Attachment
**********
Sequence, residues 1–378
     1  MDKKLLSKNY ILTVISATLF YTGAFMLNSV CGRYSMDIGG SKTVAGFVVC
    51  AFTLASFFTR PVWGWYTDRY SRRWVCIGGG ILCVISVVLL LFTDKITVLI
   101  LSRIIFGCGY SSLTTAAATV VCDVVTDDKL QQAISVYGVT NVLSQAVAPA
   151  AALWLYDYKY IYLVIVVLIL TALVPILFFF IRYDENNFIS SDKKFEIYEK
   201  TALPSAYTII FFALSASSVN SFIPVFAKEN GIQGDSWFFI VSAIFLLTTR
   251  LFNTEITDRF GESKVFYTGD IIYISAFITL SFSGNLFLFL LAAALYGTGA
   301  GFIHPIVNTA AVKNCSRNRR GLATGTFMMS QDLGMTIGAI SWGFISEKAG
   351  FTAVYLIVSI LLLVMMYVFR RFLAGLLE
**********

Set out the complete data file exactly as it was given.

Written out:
Sequence, residues 1–378
     1  MDKKLLSKNY ILTVISATLF YTGAFMLNSV CGRYSMDIGG SKTVAGFVVC
    51  AFTLASFFTR PVWGWYTDRY SRRWVCIGGG ILCVISVVLL LFTDKITVLI
   101  LSRIIFGCGY SSLTTAAATV VCDVVTDDKL QQAISVYGVT NVLSQAVAPA
   151  AALWLYDYKY IYLVIVVLIL TALVPILFFF IRYDENNFIS SDKKFEIYEK
   201  TALPSAYTII FFALSASSVN SFIPVFAKEN GIQGDSWFFI VSAIFLLTTR
   251  LFNTEITDRF GESKVFYTGD IIYISAFITL SFSGNLFLFL LAAALYGTGA
   301  GFIHPIVNTA AVKNCSRNRR GLATGTFMMS QDLGMTIGAI SWGFISEKAG
   351  FTAVYLIVSI LLLVMMYVFR RFLAGLLE